No Evidence Any Soldier Deaths Linked to Bergdahl Capture

Gen. Mattis Lauds POW Trade as Providing Operational Freedom

The efforts to vilify freed prisoner of war Sgt. Bowe Bergdahl have centered around claims that six soldiers were killed while searching for him, after his capture by the Taliban.

The claims weren’t built on much, it turns out, and while the military’s notorious secrecy has made it impossible to totally refute the allegations, they seem to be based entirely around the idea that all soldiers in his battalion have considered searching for him part of every single operation since his capture, and that therefore every death in the battalion since was on him.

Former Staff Sgt. Justin Gerleve is advancing that idea, insisting that it was conceivable that if Bergdahl hadn’t been captured the six soldiers who died might well have been deployed to different places where they theoretically might not have been killed, even if Bergdahl’s rescue wasn’t the specific reason for any of the deployments.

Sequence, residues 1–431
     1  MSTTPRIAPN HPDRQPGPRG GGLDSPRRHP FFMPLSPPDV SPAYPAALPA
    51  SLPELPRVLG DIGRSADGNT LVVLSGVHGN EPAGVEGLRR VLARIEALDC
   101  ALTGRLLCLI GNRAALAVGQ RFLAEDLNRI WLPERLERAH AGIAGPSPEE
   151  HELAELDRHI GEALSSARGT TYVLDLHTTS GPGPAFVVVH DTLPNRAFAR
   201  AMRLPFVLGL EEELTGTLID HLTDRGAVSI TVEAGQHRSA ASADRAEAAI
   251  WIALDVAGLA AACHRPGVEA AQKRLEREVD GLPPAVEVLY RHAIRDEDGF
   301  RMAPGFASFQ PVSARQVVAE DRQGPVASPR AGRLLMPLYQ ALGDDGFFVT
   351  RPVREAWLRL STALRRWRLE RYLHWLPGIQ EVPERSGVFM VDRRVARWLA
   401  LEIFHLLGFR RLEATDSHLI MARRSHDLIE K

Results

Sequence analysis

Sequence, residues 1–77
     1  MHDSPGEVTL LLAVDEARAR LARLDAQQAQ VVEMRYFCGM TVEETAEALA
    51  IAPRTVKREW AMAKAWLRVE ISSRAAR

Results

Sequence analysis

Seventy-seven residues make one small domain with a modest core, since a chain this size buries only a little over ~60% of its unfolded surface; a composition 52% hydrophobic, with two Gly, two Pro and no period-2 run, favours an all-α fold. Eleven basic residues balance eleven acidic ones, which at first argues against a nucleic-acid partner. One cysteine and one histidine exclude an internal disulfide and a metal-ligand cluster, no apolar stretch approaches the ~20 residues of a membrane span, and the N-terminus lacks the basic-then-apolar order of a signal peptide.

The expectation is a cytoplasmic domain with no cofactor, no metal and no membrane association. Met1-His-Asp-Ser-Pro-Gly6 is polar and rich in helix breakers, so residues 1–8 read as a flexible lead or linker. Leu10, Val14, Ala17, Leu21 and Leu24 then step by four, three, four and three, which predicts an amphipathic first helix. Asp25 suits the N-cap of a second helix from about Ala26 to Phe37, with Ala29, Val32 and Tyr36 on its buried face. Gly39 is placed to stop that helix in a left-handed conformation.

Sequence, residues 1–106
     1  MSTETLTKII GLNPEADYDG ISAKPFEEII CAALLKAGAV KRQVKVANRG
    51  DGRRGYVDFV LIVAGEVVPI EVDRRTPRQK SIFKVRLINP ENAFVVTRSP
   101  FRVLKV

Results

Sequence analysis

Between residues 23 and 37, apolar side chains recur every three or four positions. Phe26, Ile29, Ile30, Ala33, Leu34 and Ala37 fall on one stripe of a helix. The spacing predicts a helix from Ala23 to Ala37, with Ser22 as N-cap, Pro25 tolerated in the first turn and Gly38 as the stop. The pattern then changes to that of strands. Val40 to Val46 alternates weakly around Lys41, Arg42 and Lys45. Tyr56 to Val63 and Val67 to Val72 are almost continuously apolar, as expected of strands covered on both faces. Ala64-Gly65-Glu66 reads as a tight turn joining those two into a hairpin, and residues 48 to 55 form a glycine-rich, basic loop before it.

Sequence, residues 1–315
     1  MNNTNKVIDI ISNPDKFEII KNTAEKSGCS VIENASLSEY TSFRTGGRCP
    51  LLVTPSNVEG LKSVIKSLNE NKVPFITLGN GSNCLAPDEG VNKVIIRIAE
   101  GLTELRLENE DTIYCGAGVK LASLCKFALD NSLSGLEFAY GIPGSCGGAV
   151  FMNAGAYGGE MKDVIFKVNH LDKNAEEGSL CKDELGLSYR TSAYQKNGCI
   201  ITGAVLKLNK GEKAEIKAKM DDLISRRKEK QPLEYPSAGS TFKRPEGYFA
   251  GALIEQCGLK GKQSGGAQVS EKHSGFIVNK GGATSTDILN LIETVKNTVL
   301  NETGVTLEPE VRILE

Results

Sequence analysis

US officials say that there’s no real evidence to support any of the deaths being directly attributable Bergdahl’s capture, and the efforts to blame him seem to have been a combination of political efforts to criticize the deal to recover him, and soldiers attempting to come to terms with deaths during the ongoing Afghan occupation.

Former Centcom Commander Gen. James Mattis also addressed Bergdahl’s recovery today on operational grounds, saying it would be a great boon for the military leadership, freeing them to act against Taliban fighters without fear of killing an American POW.

That appears to have been a non-trivial risk, as the Taliban reported that Bergdahl was several times near the location of US drone attacks in both Afghanistan and Pakistan, and could easily have been killed in the strikes.

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Author: Jason Ditz

Jason Ditz is news editor of Antiwar.com.